- Q: Do I need Title Insurance?
- Q: Will my property have Title?
- Q: Can the government take my property?
- Q: How much are closing costs?
- Q:How are property taxes calculated?
- Q: Which are the parts involved in Real Estate transactions in Mexico?
- Q: Can I hire an Attorney from my country or do I need to hire one from Mexico?
- Q: What are my rights as a buyer?
- Q: What happens if the Bank goes bankrupt?
- Q: Is there any additional fee that applies for the Bank Trust?
- Q: How long does the “real estate trust” last?
- Q: How can a foreign own properties in the restricted zones?
- Q:Can foreigners own a property in Mexico?
Q: Do I need Title Insurance?
A: Title Insurance has been available in Mexico since 1993 and the purchase of it is optional. Your attorney and the Notary both verify that the title is clear and legally transferrable.Back to Index
Q: Will my property have Title?
A: Absolutely. The property will only close if the title is free of any claims, judgments, liens or legal issues.Back to Index
Q: Can the government take my property?
A: It is a common misconception that the government in Mexico can seize property. It is false. Under the North American Free Trade Agreement (NAFTA) Mexico may not expropriate land except for a public purpose such as building a road. In the extremely rare case that the land where your home is, needs a road through it, the government pays market value for the property. It is the same process as Eminent Domain in the US, Expropriation in Canada or Compulsory Purchase in the UK.Back to Index
Q: How much are closing costs?
A: The total closing costs include taxes, the Notary’s fee, setting up your escrow account, appraisals, origination fees, applications, establishment of the trust and obtaining the necessary permits. This costs approximately 5%-7% of the sales price. There are set fees, established by government regulations, which make up 4% of the total cost. Those are 2% acquisition fee, 1% recording fee, and 1% Notary fee.Back to Index
Q:How are property taxes calculated?
A: Property taxes have historically been low in Mexico because they have never been considered a source of governmental revenue. Known as Predial, the tax is calculated as a percentage (currently .25% of the assessed value), determined at the time of sale. Generally speaking, you can expect to pay $100 USD per $100,000 USD of assessed value yearly.Back to Index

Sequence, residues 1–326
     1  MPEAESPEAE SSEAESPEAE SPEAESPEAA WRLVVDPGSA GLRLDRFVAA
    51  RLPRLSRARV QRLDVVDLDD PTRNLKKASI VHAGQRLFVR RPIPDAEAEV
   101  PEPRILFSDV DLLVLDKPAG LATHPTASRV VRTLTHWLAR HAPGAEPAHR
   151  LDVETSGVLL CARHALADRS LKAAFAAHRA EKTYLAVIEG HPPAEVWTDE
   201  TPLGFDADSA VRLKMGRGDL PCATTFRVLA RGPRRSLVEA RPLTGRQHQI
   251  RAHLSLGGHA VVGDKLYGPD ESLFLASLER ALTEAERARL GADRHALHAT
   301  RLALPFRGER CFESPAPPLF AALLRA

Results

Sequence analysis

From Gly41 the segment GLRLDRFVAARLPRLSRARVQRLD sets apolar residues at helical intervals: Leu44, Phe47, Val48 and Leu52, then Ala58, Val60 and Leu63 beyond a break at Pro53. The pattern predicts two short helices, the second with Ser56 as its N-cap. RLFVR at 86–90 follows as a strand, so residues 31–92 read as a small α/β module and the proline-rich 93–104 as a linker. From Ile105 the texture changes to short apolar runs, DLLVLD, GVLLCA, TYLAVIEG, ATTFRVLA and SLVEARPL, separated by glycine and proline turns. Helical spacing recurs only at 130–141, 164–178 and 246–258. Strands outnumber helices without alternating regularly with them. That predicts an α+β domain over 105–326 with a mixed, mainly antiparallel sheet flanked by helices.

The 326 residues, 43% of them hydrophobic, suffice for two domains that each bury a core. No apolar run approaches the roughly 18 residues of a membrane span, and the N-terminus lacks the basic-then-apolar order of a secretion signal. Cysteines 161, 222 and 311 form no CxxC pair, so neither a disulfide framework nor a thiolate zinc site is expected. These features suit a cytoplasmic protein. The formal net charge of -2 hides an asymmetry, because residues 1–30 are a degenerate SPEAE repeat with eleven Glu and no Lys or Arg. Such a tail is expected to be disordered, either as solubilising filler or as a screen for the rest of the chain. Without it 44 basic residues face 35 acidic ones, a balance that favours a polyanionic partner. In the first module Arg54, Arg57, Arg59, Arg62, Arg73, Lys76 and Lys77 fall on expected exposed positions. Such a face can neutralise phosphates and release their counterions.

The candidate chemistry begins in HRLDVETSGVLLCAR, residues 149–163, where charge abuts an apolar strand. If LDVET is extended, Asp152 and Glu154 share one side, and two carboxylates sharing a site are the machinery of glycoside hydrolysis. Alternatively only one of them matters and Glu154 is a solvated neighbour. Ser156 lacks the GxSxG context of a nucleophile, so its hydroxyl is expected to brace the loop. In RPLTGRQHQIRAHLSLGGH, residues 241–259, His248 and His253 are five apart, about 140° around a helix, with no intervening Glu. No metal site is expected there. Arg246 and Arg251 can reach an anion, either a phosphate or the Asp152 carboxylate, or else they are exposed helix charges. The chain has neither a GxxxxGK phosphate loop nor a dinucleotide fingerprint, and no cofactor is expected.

Q: Which are the parts involved in Real Estate transactions in Mexico?
A: Normally there are five players involved in a real estate transaction – the buyer, a real estate agent, a bank, the seller and a Public Notary.Back to Index
Q: Can I hire an Attorney from my country or do I need to hire one from Mexico?
A: Investors should hire competent Mexican legal counsel when completing any real estate transaction. Mexican laws and practices regarding real estate are different from other countries, just like the laws for real estate in the United States and Canada. After many years of doing real estate in Playa del Carmen, we know who the best firms are.Back to Index
Q: What are my rights as a buyer?
A: The Trust is a legal substitute for simple ownership, but in many cases, the Trustee is the legal holder of the property. As Beneficiary, you have the right to sell your property without restriction. You may also transfer your rights to a third party or pass it on to named heirs. You have the same rights as a Mexican citizen; you just need to notify the Bank before selling the property since your Trust will be canceled.Back to Index
Q: What happens if the Bank goes bankrupt?
A: As we have seen in other cases in the world, typically when a bank declares bankruptcy, a competitor in better standing will buy the bank. Even if bankruptcy is declared and the bank is purchased, the Fideicomiso belongs to you, not the bank. The property is not part of the bank´s assets.Back to Index
Q: Is there any additional fee that applies for the Bank Trust?
A: The bank charges an annual fee, based on the value of the property, to cover its services as a Trustee.Back to Index
Q: How long does the “real estate trust” last?
A: Real Estate trusts are valid for a period of 50 years and according to the Foreign Investment Law passed in 1993, trusts can be renewed for an indefinite number of successive 50 year periods. In effect they run in perpetuity.Back to Index
Q: How can a foreign own properties in the restricted zones?
A: In order to permit foreign investment in these areas, the Mexican government created the “fideicomiso,” (FEE-DAY-E-CO-ME-SO) which is, roughly translated, a real estate trust. This type of trust is similar to trusts used in the United States, but a Mexican bank must be designated. The bank, as trustee, buys the property for the foreigner and then has a fiduciary obligation to follow instructions given by the foreigner who is the trust beneficiary. The trust beneficiary retains and enjoys all the rights of ownership just as a Mexican would do. The foreigner is entitled to use, enjoy, and even sell the property that is held in trust at its market value to any eligible buyerBack to Index
Q:Can foreigners own a property in Mexico?
A: Yes, foreigners can own a property in Mexico. However, there is a restricted zone in which foreigners can only purchase property through a Bank Trust known as Fideicomiso. The “restricted zone” includes border and coastal properties, 100 kilometers along the borders and 50 kilometers along coasts.Back to Index